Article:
Guest Post by John Morgan. John is Chief Scientist at a Sydney startup developing smart grid and grid scale energy storage technologies. He is Adjunct Professor in the School of Electrical and Computer Engineering at RMIT, holds a PhD in Physical Chemistry, and is an experienced industrial R&D leader. You can follow John on twitter at @JohnDPMorgan. First published in Chemistry in Australia. Adding storage greatly reduces the EROEI (the “buffered” values in the figure). Coalition for a Sustainable Delta | Solving the Sacramento-San Joaquin Delta Crisis.

Applying Behavioral Strategies to Energy Decisions and Behaviors - American Academy of Arts & Sciences. Pace Law School White Plains, New York June 18 - 19, 2014 Welcome and Opening Remarks Marsha Walton, Senior Project Manager, Buildings R&D and Behavior Research, New York State Energy Research and Development Authority Maxine L. Savitz, Vice President, National Academy of Engineering; General Manager, Honeywell, Inc., retired; Co-chair, Alternative Energy Future project, American Academy of Arts and Sciences Richard Ottinger, Founder, Pace Energy and Climate Center; Dean Emeritus, Pace University Law School; former Congressman (D-NY) Keynote Talks Watch the Video Karen Ehrhardt-Martinez, Principal, Human Dimensions Research: The Efficiency Gap and Potential of Behavioral Strategies - Slides Susan Mazur-Stommen, Director, Behavior and Human Dimensions Program, American Council for an Energy Efficient Economy: Examples of Behavioral Utility Programs - Slides Panel Discussion: Designing and Evaluating Behavioral Projects Watch the Video Preliminary Results from New Research Programs - Round 1.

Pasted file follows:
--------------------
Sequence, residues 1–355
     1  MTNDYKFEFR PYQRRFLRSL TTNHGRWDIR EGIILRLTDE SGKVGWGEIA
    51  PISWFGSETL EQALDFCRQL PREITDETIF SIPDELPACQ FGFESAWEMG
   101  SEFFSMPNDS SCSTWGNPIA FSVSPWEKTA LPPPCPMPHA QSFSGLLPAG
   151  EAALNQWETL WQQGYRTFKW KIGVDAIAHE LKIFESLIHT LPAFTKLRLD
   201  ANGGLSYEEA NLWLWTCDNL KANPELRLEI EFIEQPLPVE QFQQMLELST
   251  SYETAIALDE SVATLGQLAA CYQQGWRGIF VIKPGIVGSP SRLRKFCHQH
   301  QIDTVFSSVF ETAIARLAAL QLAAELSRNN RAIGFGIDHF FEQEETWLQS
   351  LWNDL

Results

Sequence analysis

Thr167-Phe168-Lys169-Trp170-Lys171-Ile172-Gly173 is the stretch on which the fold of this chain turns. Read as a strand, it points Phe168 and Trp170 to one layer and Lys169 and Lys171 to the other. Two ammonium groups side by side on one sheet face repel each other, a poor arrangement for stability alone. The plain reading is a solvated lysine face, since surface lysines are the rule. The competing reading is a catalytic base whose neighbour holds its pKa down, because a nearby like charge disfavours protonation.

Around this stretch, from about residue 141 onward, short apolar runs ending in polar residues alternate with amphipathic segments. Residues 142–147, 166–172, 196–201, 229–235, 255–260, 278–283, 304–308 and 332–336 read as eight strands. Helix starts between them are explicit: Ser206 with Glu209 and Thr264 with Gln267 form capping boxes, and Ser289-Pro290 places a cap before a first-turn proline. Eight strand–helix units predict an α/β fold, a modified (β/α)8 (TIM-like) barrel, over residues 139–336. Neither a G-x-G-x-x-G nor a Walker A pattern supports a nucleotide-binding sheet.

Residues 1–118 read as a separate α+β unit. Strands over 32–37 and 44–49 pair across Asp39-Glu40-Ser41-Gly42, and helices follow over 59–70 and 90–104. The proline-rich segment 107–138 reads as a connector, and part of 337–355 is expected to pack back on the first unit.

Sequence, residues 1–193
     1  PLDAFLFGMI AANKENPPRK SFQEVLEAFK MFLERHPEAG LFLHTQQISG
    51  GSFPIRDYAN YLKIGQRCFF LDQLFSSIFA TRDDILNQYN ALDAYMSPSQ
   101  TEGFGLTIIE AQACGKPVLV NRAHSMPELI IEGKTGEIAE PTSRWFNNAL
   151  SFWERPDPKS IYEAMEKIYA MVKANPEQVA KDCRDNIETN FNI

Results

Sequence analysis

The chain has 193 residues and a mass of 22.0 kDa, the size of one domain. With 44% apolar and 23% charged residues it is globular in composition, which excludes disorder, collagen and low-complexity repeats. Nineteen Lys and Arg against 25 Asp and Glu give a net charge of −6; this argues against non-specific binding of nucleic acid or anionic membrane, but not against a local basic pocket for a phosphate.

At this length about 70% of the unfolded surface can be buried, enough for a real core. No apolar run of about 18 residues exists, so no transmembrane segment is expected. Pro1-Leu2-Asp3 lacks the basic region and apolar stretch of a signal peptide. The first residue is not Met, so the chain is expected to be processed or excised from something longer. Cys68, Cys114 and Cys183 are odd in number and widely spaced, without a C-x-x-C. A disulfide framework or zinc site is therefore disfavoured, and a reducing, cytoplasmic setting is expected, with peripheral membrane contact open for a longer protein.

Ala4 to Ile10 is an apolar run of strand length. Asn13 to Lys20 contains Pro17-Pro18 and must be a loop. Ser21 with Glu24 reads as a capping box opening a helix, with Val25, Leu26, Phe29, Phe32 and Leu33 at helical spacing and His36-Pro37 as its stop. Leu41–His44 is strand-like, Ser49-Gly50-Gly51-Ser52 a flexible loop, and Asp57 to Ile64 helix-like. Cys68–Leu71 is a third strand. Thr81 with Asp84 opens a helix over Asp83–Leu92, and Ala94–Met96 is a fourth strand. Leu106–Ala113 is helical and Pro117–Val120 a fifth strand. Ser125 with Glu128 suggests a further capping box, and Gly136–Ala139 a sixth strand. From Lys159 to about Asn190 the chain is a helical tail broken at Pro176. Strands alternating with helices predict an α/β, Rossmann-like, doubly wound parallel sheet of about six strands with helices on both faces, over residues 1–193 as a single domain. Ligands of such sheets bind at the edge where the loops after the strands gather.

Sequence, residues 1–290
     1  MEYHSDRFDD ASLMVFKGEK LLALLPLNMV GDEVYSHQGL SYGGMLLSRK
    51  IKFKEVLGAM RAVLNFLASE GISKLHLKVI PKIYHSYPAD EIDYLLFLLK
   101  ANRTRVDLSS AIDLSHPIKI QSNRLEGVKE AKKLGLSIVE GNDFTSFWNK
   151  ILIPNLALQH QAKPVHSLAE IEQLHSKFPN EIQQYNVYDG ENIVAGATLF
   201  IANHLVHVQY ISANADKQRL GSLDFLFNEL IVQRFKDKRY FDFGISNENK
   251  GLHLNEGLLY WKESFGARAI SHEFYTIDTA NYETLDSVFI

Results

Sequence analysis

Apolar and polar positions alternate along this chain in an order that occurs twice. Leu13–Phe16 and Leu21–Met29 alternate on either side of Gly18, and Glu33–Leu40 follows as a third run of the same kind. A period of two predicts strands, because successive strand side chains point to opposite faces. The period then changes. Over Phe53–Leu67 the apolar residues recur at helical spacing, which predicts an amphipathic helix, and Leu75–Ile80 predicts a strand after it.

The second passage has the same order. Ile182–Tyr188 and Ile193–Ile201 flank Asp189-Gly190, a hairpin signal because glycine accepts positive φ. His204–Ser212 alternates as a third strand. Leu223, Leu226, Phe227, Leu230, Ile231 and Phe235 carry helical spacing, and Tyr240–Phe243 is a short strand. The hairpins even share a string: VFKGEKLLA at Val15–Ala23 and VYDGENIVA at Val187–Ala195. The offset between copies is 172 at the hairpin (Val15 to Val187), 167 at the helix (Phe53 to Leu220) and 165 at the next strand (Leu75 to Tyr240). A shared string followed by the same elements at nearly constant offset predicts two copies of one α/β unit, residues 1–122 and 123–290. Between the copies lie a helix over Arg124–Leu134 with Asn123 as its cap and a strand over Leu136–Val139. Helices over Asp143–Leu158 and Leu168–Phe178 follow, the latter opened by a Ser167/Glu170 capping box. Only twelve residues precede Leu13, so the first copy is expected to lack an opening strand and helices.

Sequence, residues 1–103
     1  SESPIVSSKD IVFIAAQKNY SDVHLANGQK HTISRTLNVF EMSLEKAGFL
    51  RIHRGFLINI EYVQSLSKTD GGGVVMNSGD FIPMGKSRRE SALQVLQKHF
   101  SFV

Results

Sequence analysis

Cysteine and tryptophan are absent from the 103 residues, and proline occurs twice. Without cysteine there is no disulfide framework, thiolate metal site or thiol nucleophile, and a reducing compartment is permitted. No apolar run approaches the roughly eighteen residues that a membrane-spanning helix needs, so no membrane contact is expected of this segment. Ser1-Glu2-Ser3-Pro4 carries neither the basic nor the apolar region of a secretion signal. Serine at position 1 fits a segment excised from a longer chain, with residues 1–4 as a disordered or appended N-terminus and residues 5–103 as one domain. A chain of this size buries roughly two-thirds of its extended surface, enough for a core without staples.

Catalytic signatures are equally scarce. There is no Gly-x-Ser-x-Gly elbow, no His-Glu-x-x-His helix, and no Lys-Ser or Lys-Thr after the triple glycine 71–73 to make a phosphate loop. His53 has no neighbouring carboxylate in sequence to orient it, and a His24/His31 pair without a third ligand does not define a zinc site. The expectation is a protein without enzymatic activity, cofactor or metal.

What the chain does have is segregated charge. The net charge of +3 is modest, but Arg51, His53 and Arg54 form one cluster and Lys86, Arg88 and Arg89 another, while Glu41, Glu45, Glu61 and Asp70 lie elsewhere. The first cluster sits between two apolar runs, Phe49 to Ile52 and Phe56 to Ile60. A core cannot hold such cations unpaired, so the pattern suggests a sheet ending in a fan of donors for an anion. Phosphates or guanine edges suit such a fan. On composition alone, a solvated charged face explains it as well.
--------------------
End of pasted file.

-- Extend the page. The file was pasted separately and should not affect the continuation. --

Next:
Terms of engagement. In 2002 the Republican pollster Frank Luntz had some advice for conservative candidates seeking to address what was quickly becoming a hot-button topic. “It’s time for us to start talking about ‘climate change’ instead of global warming,” he wrote in a memo. “‘Climate change’ is less frightening.” More than a decade later, myriad studies have made it more than obvious that human activities are altering the Earth’s climate and disrupting weather patterns, the production of crops, and human health—not in the distant future, but today.